Observation Guidelines: Noticing Children's Level of Peer Acceptance (page 3)
- Good social and communication skills
- Sensitivity and responsiveness to others’ wishes and needs
- Willingness to assimilate into ongoing activities
- Signs of leadership potential
On the playground, 8-year-old Daequan moves easily from one group to another. Before joining a conversation, he listens to what others are saying and adds an appropriate comment. He doesn’t draw much attention to himself but is well liked by most of his classmates.
Use popular children as leaders when trying to change other children’s behavior. For example, when starting a recycling program, ask a well-regarded youngster to help get the program off the ground.
- For some, high rates of aggression; for others, immature, anxious, or impulsive behavior
- Disruptive behavior in class
- Unwillingness of other children to play or work with them
- In some cases, appearance to other children of being strange and annoying
Most children dislike 10-year-old Terra. She frequently calls other children insulting nicknames, threatens to beat them up, and noisily intrudes into their private conversations.
Help rejected children learn basic social skills, such as how to initiate a conversation. Place them in cooperative groups with children who are likely to be accepting. With aggressive children, give appropriate consequences and teach self-regulatory strategies for controlling impulses. Publicly compliment all youngsters (including rejected children) on things they do well. When rejected children fail to respond to informal interventions, consult counselors.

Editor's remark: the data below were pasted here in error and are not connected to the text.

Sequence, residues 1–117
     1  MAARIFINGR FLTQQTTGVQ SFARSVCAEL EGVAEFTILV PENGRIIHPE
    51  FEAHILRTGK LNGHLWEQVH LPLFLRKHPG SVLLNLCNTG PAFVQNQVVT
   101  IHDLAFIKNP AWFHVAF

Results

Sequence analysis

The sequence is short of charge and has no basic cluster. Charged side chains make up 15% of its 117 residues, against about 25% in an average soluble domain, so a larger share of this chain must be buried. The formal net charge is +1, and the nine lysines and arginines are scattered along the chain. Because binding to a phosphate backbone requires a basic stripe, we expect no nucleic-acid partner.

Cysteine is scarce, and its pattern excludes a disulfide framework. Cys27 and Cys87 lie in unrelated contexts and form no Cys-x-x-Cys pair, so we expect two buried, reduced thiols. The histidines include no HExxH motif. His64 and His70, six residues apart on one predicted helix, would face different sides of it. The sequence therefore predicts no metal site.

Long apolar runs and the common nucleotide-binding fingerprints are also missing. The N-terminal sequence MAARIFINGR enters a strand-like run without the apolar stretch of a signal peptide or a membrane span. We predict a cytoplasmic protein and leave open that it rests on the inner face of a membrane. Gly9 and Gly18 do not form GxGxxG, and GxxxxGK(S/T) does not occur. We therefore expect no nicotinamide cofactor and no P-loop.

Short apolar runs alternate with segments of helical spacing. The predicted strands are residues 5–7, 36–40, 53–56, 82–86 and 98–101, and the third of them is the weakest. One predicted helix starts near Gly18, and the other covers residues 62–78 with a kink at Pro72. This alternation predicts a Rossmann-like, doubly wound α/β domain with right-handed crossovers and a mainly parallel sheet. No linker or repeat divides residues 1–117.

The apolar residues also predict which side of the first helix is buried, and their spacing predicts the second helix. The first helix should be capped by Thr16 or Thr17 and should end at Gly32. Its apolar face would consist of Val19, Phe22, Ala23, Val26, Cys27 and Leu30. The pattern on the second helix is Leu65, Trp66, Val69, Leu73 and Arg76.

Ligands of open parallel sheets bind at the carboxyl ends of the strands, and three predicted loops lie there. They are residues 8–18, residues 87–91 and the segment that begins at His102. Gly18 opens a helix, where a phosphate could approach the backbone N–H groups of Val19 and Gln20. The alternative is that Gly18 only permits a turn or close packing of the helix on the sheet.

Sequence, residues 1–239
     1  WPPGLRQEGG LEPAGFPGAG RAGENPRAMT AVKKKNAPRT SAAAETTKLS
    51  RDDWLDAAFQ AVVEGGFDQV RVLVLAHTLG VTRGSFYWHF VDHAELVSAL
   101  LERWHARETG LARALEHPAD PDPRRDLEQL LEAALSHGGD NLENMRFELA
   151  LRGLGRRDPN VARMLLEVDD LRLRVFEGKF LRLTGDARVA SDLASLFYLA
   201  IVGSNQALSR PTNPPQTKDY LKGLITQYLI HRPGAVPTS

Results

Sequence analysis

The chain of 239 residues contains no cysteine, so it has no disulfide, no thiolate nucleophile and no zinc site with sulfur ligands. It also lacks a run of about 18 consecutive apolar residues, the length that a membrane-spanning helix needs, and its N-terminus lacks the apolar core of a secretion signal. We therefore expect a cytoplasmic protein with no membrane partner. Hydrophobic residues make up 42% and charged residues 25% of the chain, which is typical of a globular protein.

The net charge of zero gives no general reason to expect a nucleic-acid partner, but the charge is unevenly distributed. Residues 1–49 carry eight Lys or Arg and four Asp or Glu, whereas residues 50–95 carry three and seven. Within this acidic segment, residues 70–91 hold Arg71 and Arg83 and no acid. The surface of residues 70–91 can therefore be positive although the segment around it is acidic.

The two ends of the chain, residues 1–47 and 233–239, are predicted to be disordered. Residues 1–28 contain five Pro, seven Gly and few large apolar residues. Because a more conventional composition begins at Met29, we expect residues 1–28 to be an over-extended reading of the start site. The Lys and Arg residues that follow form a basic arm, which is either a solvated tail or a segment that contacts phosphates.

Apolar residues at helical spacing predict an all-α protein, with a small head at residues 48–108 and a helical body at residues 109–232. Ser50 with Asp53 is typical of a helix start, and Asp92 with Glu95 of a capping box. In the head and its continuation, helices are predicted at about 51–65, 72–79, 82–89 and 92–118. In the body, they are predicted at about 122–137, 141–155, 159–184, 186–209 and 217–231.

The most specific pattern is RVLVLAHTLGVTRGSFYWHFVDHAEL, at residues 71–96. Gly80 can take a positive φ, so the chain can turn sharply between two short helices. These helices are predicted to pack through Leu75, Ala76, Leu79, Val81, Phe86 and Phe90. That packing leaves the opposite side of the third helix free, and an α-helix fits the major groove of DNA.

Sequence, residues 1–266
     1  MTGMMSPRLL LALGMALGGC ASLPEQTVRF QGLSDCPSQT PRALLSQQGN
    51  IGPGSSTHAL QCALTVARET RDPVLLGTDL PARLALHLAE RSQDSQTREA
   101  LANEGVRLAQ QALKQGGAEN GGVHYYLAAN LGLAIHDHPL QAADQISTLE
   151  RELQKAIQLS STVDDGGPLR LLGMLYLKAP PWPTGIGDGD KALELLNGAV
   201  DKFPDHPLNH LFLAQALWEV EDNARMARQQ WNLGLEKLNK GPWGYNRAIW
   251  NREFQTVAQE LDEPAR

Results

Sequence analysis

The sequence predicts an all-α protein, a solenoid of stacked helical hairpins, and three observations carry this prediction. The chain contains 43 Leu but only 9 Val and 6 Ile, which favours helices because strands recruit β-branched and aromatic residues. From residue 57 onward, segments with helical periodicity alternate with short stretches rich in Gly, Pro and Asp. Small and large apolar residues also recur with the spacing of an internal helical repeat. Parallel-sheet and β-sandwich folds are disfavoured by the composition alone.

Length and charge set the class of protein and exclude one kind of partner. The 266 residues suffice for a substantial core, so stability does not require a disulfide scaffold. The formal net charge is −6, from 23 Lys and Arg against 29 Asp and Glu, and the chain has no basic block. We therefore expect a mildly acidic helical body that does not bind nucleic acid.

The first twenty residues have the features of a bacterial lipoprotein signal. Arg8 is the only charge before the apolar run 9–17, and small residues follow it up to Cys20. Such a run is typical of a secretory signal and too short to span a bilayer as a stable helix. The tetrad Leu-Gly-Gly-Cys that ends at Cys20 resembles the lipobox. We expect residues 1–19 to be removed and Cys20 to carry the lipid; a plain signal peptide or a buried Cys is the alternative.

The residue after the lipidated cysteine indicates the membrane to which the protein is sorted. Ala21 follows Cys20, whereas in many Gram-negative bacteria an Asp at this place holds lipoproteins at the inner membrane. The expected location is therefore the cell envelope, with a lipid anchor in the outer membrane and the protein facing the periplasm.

- Tendency to be relatively quiet; little or no disruptive behavior
- Fewer-than-average interactions with age-mates but possible friendships with one or two peers
- For some, anxiety about interacting with others
- Possible temporary nature of neglected status
Fourteen-year-old Sedna is initially shy and withdrawn at her new school. Later in the year, however, she seems to be happier and more involved in school activities.
Identify group activities in which neglected children might feel comfortable and be successful. Arrange situations in which shy children with similar interests can get to know one another.
- Acceptance by some peers, rejection by others
- Possible aggression and disruptive behavior in some situations, yet helpfulness, cooperation, and social sensitivity in others
Thirteen-year-old Marcus is usually charming and cheerful, but occasionally he makes jokes at someone else’s expense. His sunny personality impresses many classmates, yet his biting humor offends others.
Let controversial children know in no uncertain terms when their behaviors are inappropriate, but acknowledge their effective social skills as well.
- Tendency to be liked by some peers but disliked by others
- Average interpersonal skills (e.g., average levels of prosocial behavior and aggression)
- Ability to find a comfortable social niche
Five-year-old Joachim doesn’t draw much attention to himself. He’s made a few friends in kindergarten and seems to get along fairly well with them, but he sometimes has trouble handling disagreements.
Help average children refine their emerging social skills. Encourage them to be tactful, honest, and kind with peers and others.
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